Strategy

Buffett Discloses $4.4B Stake in Phillips 66

The legendary investor appears to be betting that the refiner will continue benefiting from lower oil prices.
Matthew HellerSeptember 1, 2015

Warren Buffett has renewed a wager on the oil refining industry, disclosing that he has accumulated a 10.8% stake in Phillips 66 valued at roughly $4.47 billion.

The disclosure in a regulatory filing was something of a surprise since Buffett in February 2014 traded nearly two-thirds of his holdings in Phillips for a chemicals business that he folded into a unit of his Berkshire Hathaway company.

Buffett is betting that “oil prices will remain low and Americans will keep filling their gas tanks,” Barron’s said, noting that refiners like Phillips 66 have been benefiting from lower crude prices because they cut costs and boost profit margins.

Drive Business Strategy and Growth

Drive Business Strategy and Growth

Learn how NetSuite Financial Management allows you to quickly and easily model what-if scenarios and generate reports.

Like other energy companies, Phillip’s suffered last year when crude prices collapsed, with the share price plunging 32% between September and mid-January. Since then, the stock has gained 34%, helped by strength in refining.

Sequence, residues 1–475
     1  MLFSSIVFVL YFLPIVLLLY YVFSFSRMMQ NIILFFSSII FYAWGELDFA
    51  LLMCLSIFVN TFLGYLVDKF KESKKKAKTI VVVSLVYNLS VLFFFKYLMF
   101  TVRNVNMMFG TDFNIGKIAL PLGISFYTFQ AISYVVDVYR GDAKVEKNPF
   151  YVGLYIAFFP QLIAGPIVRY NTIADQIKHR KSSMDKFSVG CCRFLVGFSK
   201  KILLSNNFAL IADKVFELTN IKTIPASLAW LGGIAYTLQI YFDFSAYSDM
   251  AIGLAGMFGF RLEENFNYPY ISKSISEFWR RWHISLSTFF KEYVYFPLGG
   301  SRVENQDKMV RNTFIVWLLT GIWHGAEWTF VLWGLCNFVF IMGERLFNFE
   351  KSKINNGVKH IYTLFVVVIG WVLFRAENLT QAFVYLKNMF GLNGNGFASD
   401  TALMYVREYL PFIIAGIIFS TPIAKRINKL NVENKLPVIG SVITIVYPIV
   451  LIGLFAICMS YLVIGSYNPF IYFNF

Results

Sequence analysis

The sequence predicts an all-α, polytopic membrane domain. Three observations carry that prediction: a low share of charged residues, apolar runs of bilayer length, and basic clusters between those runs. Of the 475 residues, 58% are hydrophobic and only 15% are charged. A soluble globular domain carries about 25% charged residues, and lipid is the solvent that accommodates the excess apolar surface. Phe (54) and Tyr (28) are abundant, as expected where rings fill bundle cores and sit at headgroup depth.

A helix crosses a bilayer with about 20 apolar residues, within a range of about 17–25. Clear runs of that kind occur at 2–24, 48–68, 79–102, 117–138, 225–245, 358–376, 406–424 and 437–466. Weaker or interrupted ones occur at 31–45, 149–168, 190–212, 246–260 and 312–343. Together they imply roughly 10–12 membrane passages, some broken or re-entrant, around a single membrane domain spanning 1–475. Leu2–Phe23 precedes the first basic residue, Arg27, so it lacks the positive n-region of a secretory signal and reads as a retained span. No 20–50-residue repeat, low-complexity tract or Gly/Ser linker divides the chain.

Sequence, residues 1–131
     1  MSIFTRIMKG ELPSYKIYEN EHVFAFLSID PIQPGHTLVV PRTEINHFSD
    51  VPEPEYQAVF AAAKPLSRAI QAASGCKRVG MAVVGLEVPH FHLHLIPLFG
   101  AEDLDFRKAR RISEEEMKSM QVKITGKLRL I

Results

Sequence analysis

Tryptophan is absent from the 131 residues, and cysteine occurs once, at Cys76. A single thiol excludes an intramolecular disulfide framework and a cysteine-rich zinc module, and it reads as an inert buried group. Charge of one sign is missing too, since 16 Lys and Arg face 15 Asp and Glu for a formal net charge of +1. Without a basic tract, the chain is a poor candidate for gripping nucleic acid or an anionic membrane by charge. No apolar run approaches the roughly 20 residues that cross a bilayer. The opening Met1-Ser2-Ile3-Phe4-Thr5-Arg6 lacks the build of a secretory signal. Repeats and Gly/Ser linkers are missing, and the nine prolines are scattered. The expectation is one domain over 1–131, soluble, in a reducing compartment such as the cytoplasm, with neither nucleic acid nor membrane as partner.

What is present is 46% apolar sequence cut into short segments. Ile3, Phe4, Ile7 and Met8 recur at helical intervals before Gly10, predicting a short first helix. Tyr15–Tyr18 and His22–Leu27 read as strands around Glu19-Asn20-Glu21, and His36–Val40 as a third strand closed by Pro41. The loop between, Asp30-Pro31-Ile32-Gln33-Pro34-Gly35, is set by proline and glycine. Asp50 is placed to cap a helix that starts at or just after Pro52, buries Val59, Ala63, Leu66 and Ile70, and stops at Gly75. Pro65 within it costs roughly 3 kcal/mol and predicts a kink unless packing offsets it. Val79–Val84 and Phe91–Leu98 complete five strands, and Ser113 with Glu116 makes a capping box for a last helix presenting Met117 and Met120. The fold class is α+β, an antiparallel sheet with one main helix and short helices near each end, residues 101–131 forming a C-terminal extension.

Phillips has also been investing heavily in energy storage, transportation, and processing as CEO Greg Garland aims to significantly reduce the company’s dependency on refining. “All are more profitable activities than refining,” Barron’s said.

At the end of the second quarter, Berkshire didn’t disclose an investment in Phillips 66, prompting The Wall Street Journal to report that it had sold off its position. It had previously reported a 7.5 million-share stake as of March 31.

“Buffett and his deputy investment managers, Todd Combs and Ted Weschler, had likely been growing their stake in the company for some time and requested confidential treatment,” the Houston Business Journal reported.

The U.S. Securities and Exchange Commission allows companies to withhold information from the public in order to limit others from copying their investments while they build their portfolio.

Buffett’s energy bets haven’t all panned out, including a 2008 investment in ConocoPhillips when oil was at an all-time high. But analyst Daniel Dreyfus of 3G Capital recently said Phillips 66 could earn $10 a share a few years from now compared to the $6.63 a share expected this year.

“Given the current multiple, Phillips could be a gusher,” Barron’s said.